Meet Nicki Knightz: Getting Informed on ‘For The Uninformed’

The Hackney rapper's latest EP ‘For the Uninformed’ demonstrates her aptitude for rap through exploring her identity as mixed-race with poise and nuance. Sophia Ball speaks to Nicki to find out more.

WORDS Sophia Ball

Nicki Knightz’s latest EP actually came out in May 2020, and I hate to say it, but I’m a little late to the party in discovering her. She’s been on the London scene for over four years and has two stunningly good projects under her name as a solo artist: ‘HATE’ – released in 2018, and her most recent offering ‘For the Uninformed’ (2020). Made as part of the creative double ‘The Knighthood Society’ with her good friend, producer, and fellow artist Henny Knightz, she’s steadily risen in popularity as part of the “illest thing to come out of Hackney since the Dalston mural”. 

Having listened to the fruits of their creative synthesis I can’t help but agree –  undeniably, they’re some of the freshest talent to come out of Hackney. Henny Knightz’ capacity to generate a clean beat using 808’s, melancholy and superb instrumentals – matched with Nicki’s unapologetic ability for storytelling – culminates into something that unequivocally stands out. 

Nicki’s skill in using her personal experience to elucidate wider issues in society is particularly special, an effortless expression of heartfelt and hard hitting. ‘For the Uninformed’ demonstrates her aptitude for rap through exploring her identity as mixed-race with poise and nuance. Ultimately, the outcome is refined, punchy and poetic. 

Still from Nicki’s music video, 1964 (Howlett Drive)

During a pause in our schedules, and through quickly eliminating video-call as a form of communication (we both share a strong dislike for the medium) we found time to talk on the phone. After five minutes of technical difficulties – and Nicki kindly telling me not to worry – we got down to talking about creativity in lockdown, her most recent EP, and her hopes for 2021.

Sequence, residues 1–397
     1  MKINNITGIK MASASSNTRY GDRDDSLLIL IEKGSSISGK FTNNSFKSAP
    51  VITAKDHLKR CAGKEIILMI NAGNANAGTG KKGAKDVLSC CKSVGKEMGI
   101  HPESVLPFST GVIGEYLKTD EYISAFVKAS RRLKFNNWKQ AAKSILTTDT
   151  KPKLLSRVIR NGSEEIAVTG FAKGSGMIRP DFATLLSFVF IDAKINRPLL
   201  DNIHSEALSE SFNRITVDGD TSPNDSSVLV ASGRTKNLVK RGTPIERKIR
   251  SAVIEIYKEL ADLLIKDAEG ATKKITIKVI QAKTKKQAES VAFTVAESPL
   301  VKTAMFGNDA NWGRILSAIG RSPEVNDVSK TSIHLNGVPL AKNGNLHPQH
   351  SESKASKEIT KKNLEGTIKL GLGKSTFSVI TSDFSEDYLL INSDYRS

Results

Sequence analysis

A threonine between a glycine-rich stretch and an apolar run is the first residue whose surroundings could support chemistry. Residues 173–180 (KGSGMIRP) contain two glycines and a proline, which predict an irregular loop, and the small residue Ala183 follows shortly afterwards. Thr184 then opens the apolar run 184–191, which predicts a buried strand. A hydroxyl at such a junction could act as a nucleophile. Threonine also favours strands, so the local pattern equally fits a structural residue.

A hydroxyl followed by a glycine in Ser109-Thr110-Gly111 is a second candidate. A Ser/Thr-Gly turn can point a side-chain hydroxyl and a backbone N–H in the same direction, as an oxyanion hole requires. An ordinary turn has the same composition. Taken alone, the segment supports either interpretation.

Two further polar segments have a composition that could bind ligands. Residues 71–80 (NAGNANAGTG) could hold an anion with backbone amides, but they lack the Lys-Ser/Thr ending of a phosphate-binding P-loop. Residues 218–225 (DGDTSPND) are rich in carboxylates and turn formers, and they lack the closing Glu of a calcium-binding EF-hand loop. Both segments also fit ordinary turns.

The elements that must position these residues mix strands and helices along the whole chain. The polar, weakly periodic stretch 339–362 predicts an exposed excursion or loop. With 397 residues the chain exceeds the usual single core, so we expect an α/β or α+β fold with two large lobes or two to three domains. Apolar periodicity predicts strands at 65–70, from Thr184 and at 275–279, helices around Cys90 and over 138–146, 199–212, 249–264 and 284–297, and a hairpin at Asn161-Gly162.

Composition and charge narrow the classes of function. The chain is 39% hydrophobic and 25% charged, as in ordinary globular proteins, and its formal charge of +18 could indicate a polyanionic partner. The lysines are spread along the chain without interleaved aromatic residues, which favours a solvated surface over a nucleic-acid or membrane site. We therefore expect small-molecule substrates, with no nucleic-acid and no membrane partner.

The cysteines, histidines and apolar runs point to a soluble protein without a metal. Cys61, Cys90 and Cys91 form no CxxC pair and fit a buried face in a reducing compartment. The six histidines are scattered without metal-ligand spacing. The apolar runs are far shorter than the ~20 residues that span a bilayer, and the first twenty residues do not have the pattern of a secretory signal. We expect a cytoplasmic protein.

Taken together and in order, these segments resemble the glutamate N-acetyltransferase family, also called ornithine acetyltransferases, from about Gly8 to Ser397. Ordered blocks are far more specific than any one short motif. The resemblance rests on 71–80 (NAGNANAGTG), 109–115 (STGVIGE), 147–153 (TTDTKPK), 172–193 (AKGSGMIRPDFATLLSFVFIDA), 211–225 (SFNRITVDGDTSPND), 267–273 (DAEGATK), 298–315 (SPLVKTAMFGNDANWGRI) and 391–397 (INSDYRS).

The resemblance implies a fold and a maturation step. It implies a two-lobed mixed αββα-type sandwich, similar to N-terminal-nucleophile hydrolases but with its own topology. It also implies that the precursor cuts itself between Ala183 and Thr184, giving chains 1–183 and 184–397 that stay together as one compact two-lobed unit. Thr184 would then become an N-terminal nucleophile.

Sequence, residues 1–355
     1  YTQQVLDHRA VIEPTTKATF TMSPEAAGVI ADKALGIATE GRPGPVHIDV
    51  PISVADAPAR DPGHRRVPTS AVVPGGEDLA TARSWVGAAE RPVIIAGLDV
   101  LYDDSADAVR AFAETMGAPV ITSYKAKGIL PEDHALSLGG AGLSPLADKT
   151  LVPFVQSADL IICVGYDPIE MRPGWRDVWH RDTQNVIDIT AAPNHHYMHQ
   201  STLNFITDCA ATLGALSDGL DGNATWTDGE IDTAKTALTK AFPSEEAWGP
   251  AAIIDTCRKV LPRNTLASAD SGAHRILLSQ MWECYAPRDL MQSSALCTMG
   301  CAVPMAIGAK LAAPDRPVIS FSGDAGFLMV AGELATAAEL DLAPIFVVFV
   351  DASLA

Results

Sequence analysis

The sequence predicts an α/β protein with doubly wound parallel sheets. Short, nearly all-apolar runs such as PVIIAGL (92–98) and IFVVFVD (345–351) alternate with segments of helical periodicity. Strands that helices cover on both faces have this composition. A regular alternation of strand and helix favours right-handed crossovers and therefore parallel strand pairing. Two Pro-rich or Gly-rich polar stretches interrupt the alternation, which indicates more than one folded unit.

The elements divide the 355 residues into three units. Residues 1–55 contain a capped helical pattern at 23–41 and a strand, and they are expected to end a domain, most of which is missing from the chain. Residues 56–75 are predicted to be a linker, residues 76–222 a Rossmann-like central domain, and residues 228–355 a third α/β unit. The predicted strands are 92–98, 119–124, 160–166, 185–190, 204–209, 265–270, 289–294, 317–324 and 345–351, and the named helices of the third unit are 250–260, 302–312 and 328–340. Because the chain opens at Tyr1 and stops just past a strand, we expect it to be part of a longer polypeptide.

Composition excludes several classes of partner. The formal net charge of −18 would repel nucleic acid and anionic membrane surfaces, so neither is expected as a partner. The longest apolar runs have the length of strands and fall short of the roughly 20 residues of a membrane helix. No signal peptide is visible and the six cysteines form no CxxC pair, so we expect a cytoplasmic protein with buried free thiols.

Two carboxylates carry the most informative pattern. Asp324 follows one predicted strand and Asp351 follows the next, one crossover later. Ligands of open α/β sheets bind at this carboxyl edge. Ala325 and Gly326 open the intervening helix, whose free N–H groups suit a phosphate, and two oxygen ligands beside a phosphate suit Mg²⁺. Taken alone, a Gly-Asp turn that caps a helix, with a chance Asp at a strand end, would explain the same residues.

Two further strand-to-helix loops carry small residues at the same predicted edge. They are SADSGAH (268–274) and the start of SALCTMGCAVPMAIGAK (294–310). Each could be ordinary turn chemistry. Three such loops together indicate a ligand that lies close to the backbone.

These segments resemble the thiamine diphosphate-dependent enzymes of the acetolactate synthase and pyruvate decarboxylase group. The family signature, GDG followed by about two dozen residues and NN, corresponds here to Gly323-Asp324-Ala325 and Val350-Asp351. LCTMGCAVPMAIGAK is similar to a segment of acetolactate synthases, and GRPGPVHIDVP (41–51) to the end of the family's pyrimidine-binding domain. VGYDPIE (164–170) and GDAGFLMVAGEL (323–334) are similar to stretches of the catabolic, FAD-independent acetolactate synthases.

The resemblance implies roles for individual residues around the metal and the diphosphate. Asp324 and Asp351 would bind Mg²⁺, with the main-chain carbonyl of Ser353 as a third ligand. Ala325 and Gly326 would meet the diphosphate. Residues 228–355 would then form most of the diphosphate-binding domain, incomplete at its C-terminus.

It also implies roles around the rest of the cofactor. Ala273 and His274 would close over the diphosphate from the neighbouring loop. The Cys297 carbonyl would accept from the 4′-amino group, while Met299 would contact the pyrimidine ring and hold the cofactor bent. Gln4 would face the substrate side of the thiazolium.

How’s Lockdown number 3 treating you? 

It’s been calm – I’ve had a lot of time to make tunes. Henny’s got his own studio at his house so we’ve just been recording there. 

What kind of music did you listen to growing up? 

A variety to be honest. Initially it was like old school ’90s hip-hop: My brother banged out a lot of Biggie Smalls in the house – that kind of vibe. Then, I got into Channel U [grime music channel in the 2000’s]. Though, my first memories of music are Lady Sovereign, N-Dubz… now, it’s more the underground scene in London and mixed with American Artists – J Cole, Young M.A. 

How has lockdown been for your creativity?

So the first one was a bit depressing obviously – I was working on ‘For the Uniformed’ and I had all these ideas to get videos and for the press releases and it kind of went out of the window. I had to just pick up disposable cameras, shoot these promo videos on my iPhone, find out how to edit them – hella DIY. From the first Lockdown it’s got better. 

How would you say this EP differs from HATE (2018)? 

This EP is more focussed on one said topic I suppose –my story, it’s more central. Before I created it, I was speaking to Henny and he said ‘What do you want to get across on the next project?’ And I was like ‘I want to tell the story of what it’s like being mixed race’. 

I want to tell the story of what it’s like being mixed race.

Nicki Knightz

Initially, it was supposed to be a really long project but time was going so fast and I was just like – fuck it I’m just going to release 3 tracks and push it out, because I feel like it’s been so long since I released something. It wasn’t even intentional – one song for my mum, one song for my dad, and one song for the both of them. The idea was just to talk about family life and where I’m from.